Three Things Everyone Should Know About the Official Lottery

Lotteries are booming, with Americans spending an estimated $100 billion each year on tickets. But they have a long and occasionally rocky history, both as public games of chance and private gambling enterprises. This article, adapted from a recent book by historian Jesse Cohen, offers three things everyone should know about the official lottery.

The official lottery is a state-operated game of chance in which players purchase a ticket for the chance to win a prize ranging from a small cash sum to a grand prize, such as a new car or a house. The proceeds are used for public purposes. In the United States, there are 48 jurisdictions that run a state lottery, and the two biggest games—Mega Millions and Powerball—are operated by consortiums of state lotteries.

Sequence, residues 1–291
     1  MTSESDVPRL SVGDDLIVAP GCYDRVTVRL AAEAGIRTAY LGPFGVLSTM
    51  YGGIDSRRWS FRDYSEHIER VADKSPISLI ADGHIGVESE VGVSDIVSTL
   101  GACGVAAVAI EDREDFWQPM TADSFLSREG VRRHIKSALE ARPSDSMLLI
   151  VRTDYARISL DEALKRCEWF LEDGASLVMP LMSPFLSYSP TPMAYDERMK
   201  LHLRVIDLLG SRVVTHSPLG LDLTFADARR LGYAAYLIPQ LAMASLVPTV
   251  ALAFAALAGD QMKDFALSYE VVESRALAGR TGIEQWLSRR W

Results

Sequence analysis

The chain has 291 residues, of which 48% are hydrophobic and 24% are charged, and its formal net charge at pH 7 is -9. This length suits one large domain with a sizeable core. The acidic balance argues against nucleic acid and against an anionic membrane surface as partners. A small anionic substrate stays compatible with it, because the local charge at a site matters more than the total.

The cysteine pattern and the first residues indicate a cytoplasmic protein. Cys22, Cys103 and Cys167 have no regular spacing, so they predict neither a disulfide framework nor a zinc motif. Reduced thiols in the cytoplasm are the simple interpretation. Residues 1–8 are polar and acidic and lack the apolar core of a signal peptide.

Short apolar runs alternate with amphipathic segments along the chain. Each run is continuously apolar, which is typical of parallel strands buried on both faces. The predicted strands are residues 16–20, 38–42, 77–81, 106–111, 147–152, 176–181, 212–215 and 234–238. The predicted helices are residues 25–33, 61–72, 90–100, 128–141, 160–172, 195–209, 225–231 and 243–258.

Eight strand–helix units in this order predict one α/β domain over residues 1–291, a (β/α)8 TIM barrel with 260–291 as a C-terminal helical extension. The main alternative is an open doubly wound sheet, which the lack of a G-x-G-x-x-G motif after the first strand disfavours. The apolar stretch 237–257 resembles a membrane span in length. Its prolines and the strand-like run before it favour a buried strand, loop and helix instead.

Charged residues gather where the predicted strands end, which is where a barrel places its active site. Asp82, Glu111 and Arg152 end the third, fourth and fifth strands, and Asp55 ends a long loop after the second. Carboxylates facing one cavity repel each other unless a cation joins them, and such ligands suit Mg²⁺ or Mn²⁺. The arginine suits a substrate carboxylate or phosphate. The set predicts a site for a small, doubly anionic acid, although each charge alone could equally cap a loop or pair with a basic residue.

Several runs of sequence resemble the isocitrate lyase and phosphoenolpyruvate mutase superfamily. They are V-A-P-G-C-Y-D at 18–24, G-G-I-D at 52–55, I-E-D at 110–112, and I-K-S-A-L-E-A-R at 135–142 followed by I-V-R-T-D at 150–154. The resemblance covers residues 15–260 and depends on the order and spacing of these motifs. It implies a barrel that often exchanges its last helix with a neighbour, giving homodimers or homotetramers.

But critics have questioned the ethics of funding government services through gambling and the amount of money that lottery games really raise for state coffers, which may be far less than advertised. Many of the early opponents were devout Protestants who argued that the lottery was un-Christian and a means for the rich to cheat the poor. (By the 1970s, bingo games at Catholic high schools in Ohio raised more than state lotteries.)

Today’s lottery marketers rely on the message that playing the lottery is a civic duty, not unlike buying a drink at Starbucks. That’s a hard sell to voters, who get mad when politicians want to raise taxes to pay for services that lottery funds don’t cover.